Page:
The thick, indistinct pronunciation of the Anatolian peasants remains a great difficulty to the explorer at the present day, and the ear requires long practice to catch the sounds correctly. Hence the extraordinary misrepresentation of names by many travellers while inexperienced: the simple Turkish name Yuvalik appears in some archaeological works as Djouk-Ovarlak: in 1882 I found it impossible after many repetitions to feel sure whether the first sound in the monosyllabic name of a village near Kybistra was P or K or T. The same coarse, rough, uneducated pronunciation characterised the people of the plateau in ancient time, and was part of the reason why there was such a broad division between those who had learned Greek pronunciation and accent and those who had not. The Hellene, i.e., the educated person, was recognised by the first word he spoke.
This is one of the fundamental facts in the life of Asia Minor at the time when Paul visited it — one of the things that is brought home to us so clearly by modern facts — one that the scholar who studies the ancient history of the country must fix deep in his memory as a foundation to build upon.
Gudelisin occupies a very important position near a great road, close to the natural frontier between the two districts of which Laranda and Iconium are respectively capitals. Hence Strabo speaks of it as a point of boundary.2 It has therefore been described in previous works3 as the frontier city of the Province Galatia, all beyond it to the east belonging to the realm of Antiochus. That Derbe was a Roman frontier city is confirmed by the brief description which Stephanus of Byzantium gives of it. He calls it a fortress of Isauria and a customs station:4 it was a station for customs at the frontier of the Province beside a great trade route.
Derbe was close to the Isaurian mountains, which rise boldly from the plain just behind Zosta, and hence the inaccurate expression “a fortress of Isauria”. Strabo correctly says it was “on the flanks of the Isaurican region,” and goes on to describe it as “adhering (like a barnacle) to Cappadocia”:5 that seems to be an allusion to the fact that at one time it was the frontier town of the Eleventh Strategia attached to Cappadocia: see section 7.
In the Galatic Province about A.D. 40-60 the importance of Derbe lay mainly in its relation to the dependent kingdom of Antiochus. Doubtless, there would arise frontier questions calling for the decision of the Roman governor; and these questions would have their centre at Derbe. Hence it probably was that the city was honoured with the title Claudio-Derbe, which is practically equivalent to Imperial Derbe: see p. 218. This occurred either in 41 or soon after; and it was probably as a compensation for the compliment to an inferior city that Iconium was permitted a similar title Claud-Iconium by the same Emperor,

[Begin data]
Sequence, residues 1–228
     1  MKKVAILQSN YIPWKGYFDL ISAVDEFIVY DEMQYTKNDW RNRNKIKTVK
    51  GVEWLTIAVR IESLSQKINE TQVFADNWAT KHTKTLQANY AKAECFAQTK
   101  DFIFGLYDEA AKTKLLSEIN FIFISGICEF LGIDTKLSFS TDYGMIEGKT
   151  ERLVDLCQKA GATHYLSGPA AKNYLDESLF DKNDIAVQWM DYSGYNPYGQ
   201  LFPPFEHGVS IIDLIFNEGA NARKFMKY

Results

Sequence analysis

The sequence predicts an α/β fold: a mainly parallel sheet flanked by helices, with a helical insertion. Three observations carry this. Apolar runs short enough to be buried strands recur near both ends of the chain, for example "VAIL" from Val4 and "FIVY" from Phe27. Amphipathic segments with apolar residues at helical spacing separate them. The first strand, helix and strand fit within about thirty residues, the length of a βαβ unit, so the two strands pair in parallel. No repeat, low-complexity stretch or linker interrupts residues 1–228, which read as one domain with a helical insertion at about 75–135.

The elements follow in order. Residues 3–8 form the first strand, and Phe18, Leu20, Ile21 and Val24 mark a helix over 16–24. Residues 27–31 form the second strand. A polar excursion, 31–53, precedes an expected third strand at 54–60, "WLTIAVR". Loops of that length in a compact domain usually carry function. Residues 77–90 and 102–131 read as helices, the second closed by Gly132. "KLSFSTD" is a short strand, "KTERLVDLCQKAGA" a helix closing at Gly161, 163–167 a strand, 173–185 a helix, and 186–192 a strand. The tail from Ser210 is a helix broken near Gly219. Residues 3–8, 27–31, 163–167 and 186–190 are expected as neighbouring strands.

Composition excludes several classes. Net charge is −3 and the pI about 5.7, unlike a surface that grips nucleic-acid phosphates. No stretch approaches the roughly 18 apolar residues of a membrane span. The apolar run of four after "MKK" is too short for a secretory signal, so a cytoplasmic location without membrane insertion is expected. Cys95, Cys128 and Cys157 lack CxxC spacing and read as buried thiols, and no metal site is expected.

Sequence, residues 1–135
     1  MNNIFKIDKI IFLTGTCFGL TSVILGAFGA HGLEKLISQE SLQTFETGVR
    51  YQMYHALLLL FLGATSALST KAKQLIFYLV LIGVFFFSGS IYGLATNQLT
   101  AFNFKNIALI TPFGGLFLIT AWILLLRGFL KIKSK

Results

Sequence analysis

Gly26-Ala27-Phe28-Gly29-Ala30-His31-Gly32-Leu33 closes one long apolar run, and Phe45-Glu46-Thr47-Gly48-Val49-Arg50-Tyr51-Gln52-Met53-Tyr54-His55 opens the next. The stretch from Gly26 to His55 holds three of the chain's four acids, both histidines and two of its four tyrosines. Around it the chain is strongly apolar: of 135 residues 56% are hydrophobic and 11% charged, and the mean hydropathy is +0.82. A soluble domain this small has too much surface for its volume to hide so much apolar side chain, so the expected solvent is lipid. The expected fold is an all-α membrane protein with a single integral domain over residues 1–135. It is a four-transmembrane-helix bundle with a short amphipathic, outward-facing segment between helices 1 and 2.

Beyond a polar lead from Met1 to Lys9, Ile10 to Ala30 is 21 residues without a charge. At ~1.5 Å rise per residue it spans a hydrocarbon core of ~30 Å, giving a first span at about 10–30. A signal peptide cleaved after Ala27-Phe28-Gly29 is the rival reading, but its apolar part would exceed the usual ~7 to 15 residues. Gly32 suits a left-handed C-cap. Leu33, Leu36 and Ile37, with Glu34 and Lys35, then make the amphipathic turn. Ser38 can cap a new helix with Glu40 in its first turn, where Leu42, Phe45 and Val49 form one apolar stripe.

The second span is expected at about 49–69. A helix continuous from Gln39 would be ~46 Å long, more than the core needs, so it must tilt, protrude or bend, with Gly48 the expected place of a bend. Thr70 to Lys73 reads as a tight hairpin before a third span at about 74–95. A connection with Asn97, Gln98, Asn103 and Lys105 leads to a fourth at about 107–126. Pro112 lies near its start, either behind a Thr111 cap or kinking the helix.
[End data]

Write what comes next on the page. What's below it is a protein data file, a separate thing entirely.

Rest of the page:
In “Imperial Derbe” the feeling of superiority to the non-Roman Lycaones across the frontier would be peculiarly strong, because the city was in closer relations than other Lycaonians with them.
Derbe was detached from Galatia and included in the Triple Eparchy6 about A.D. 137, and struck coins naming the Koinon of the Lycaonians. From about 295 to 372 it was part of the Province Isauria, as Stephanus says (probably on the authority of Ammianus).7 Thereafter it was in the Province Lycaonia.
 It is about the same altitude as Iconium; but no observation has been made.
 μέχρι Δέρβης, p. 535.
 Church in Rom. Emp., p. 55; St. Paul the Trav., p. 120.)
 φρούριον Ἰσαυρίας καὶ λιμήν: many writers, taking λιμήν as a “harbour,” conjectured that λιμήν was the true reading. λιμήν also meant a “market” in Paphos, Crete, Thessaly (see Steph. Thesaurus); the Limenes or customs stations of Asia are often mentioned in inscriptions. See Wilhelm in Arch. Epigr. Mitth. Oest., 1897, p. 76, Rostowzew, ib., 1896, p. 127.
 ἐπιπεφυκὸς τῇ Καππαδοκίᾳ.
 See p. 177.
 Compare p. 178.